}

try
{
  throw new Exception( "example" ); // manually throw an exception
}
finally
{
  // Do any clean up here.
  // Notice there is no catch statement.  This finally block will
  // execute and the exception will be thrown.
}

throw

The throw statement is used to signal the occurrence of an anomalous situation (exception) during the script execution.

Usually the throw statement is used with try-catch-finally statements. You can also rethrow a caught exception using the throw statement.

Example:

try
{
  throw new Exception( "example" ); // manually throw an exception
}
catch (ex)
{
  // rethrow the exception just for example purposes
  throw ex;
}

empty-statement

An empty-statement does nothing.

Example empty-statement:

    ;


An empty-statement is used when there are no operations to perform in a context where a statement is required.

Be careful not to inadvertently follow an if-statement with an empty-statement. Doing so will case the following line to always execute.

When intentionally using an empty statement, it is a good practice to comment your code in a way that makes it clear that the empty-statement is intentional.

Global Functions

Conversion Functions

Conversion functions convert from a source type to a specified target type.

Syntax:

String( expression )
Number( expression )
Boolean( expression )


Example:

a = 5;
b = "5";
c = "true";

x = String( a );  // converts the number 5 to as string.
y = Number( b );  // converts the string "5" to the number 5.
z = Boolean( c ); // converts the string "true" to a boolean value of true.

Basic Data Types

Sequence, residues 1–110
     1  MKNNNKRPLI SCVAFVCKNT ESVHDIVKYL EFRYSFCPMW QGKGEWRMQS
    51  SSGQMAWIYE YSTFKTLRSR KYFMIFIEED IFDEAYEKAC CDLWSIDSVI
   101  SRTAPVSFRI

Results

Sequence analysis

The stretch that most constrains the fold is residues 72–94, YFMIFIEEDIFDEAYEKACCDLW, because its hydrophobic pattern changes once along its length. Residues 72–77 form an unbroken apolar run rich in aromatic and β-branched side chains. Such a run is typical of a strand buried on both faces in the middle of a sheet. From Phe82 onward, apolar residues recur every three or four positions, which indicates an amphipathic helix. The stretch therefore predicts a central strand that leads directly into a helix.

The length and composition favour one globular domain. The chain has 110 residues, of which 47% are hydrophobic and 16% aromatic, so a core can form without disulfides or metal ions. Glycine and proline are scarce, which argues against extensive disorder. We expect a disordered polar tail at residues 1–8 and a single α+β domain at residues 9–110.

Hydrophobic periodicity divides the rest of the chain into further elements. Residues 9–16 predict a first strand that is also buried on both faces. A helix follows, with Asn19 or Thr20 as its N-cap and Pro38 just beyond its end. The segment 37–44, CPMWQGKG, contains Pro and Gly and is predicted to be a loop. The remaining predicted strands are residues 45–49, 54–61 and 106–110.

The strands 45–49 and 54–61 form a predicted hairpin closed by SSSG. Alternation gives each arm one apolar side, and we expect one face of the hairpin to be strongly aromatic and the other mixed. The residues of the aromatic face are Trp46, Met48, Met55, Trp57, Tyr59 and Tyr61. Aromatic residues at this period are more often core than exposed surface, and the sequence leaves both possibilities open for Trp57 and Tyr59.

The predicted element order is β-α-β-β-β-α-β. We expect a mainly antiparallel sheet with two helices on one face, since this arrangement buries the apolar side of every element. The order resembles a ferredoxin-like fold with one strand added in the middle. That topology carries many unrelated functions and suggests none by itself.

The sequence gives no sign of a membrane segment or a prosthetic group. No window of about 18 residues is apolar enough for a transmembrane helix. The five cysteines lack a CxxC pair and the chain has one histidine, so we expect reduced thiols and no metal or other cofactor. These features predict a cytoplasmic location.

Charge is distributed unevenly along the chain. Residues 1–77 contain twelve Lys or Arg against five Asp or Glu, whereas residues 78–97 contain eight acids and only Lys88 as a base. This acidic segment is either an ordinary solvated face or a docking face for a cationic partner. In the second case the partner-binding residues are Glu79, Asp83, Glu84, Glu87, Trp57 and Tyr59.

String Object

Represents text; that is, a series of characters.

Number Object

Represents a signed IEEE 64-bit (8-byte) double-precision floating-point number ranging in value from -1.79769313486231570E308 through -4.94065645841246544E-324 for negative values and from 4.94065645841246544E-324 through 1.79769313486231570E308 for positive values.

Boolean Object

Represents a Boolean value of true or false.

Dictionary Object

Represents a collection of key/value pairs that are ordered based on the key/index. The key is a case-insensitive string.

DateTime Object

Represents an instant in time, typically expressed as a date and time of day.

Array Object

The Array object is used to store a set of values in a single variable name.

Byte Array Object

Represents an array of bytes.

Exception Object

Represents an error that occurred during script execution.

Object Data Type

Used only as the return type for a method or a parameter type of a method to specify that the return value or parameter value can be any data type.

null

The null keyword is a literal that represents a null reference, one that does not refer to any object.

void

Used only as the return type for a method to specify that the method does not return a value.

Advanced Datatypes & Objects

Math Object

Provides constants and static methods for logarithmic, and other common mathematical functions. This object can not be instantiated in a script.

File System Object

Provides static methods for common file system operations. This object can not be instantiated in a script.

OleDbConnection Object

Represents an OLE DB connection to a data source (such as a database). With a client/server database system, it is equivalent to a network connection to the server.

OdbcConnection Object

Reresents an ODBC connection to a data source (such as a database). With a client/server database system, it is equivalent to a network connection to the server.

DataTable Object

Represents one table of in-memory data retrieved from a database using a DbConnection Object instance.

TextFileReader Object

Facilitates reading from a standard text file.

TextFileWriter Object

Facilitates writing to a standard text file.

RegEx Object

Represents an immutable regular expression.

Last edited Sep 20, 2011 at 5:43 PM by JohnHughes, version 8